Age discrimination cannot be justified if the sole reason is to save costs. But can it be justified when coupled with another reason?


Some forms of discrimination can be defended on the basis that the discriminatory treatment can be justified. To be able to justify the treatment an employer must show that they had a legitimate aim they were trying to achieve and that there were no less discriminatory means by which it could be achieved.

For some time now, the position has been that costs, by themselves, cannot amount to a legitimate aim. It had to be costs plus something else. However a recent case has helped to clarify that where a reduction in costs is needed due to budgetary constraints this may amount to a costs plus argument in itself.

According to the Court of Appeal in Heskett v Secretary of State for Justice, whilst the sole reason of saving costs is not, in itself  a legitimate aim, an employer’s need to reduce expenditure as a result of financial constraints in order to balance its books, could constitute a legitimate aim.

In this case, the Ministry of Justice, changed their pay structure in order to meet a cap on increases in public sector pay. It meant that it would take the Claimant longer to reach the same pay level as other longer serving and typically older colleagues. Consequently, this meant that the Claimant was paid less than his longer serving, older colleagues.

The Claimant subsequently claimed indirect discrimination on the grounds of age. He claimed that saving costs alone could not amount to a legitimate aim and therefore the new pay structure could not be justified.

Whilst the Court of Appeal concluded that saving costs, on its own, could not constitute a legitimate aim sufficient to justify discrimination, if an employer is subject to financial constraints and therefore has to reduce costs as a consequence in order to ‘balance the books’, this could potentially be a legitimate aim in justifying age discrimination.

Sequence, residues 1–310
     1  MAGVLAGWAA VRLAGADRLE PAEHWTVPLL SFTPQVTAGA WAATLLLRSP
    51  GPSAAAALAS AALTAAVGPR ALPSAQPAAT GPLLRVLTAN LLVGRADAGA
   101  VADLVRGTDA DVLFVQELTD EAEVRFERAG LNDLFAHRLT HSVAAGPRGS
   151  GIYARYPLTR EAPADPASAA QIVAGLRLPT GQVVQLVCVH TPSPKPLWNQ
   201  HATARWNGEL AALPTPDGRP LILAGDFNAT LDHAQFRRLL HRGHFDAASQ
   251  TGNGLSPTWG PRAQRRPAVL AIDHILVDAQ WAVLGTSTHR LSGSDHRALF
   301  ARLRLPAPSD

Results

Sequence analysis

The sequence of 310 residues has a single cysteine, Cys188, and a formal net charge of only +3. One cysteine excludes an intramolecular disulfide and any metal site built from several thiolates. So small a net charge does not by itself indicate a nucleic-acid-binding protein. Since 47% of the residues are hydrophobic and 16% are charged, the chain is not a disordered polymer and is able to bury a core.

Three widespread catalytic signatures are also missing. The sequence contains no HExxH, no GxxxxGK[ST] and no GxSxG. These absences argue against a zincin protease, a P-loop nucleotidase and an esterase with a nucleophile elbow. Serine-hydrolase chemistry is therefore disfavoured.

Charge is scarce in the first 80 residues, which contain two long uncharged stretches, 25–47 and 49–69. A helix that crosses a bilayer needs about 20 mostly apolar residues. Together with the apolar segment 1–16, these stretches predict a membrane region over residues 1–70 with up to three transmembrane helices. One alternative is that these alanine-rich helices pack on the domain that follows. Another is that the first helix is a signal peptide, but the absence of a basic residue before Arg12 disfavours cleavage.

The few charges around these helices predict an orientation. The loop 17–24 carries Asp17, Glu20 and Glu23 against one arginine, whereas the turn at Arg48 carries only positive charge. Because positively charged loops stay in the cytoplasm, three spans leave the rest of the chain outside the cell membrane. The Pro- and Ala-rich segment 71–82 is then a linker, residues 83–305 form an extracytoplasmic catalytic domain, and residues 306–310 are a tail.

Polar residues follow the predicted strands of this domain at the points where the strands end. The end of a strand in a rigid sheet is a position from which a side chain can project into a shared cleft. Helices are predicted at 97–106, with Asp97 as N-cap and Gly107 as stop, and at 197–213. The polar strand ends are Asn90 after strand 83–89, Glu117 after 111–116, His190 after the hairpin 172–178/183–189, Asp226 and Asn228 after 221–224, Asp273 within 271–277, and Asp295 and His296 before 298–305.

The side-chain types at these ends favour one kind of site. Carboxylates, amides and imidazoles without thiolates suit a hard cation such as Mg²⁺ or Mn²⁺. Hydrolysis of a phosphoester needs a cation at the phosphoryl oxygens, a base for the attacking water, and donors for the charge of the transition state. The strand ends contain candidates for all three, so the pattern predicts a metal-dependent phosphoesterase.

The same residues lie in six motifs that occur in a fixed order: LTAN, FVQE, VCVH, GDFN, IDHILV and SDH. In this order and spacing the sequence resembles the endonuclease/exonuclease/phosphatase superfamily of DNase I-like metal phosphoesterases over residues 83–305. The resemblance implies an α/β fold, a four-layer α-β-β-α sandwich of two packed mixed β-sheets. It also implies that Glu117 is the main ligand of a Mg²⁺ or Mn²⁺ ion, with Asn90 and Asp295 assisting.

What does this mean for employers?

It is important to note that this case does not give employers the green light to implement cost saving measures which could be seen as discriminatory on the grounds of age. However, if an employer is subject to financial constraints which oblige it to reduce its costs, then that can be enough to amount to a legitimate aim. It makes it more difficult for an employee to argue that the decision cannot be justified and gives employers a greater opportunity to defend the decisions taken. Employers should seek legal advice to ensure that any cost saving measures that they choose to implement are not seen as discriminatory as compensation for discrimination is uncapped.

If you would like any further information, please contact Sabrina Rahman on 0114 228 3262 or or another member of the employment law team.

Please note this information is provided by way of example and may not be complete and is certainly not intended to constitute legal advice. You should take bespoke advice for your circumstances.

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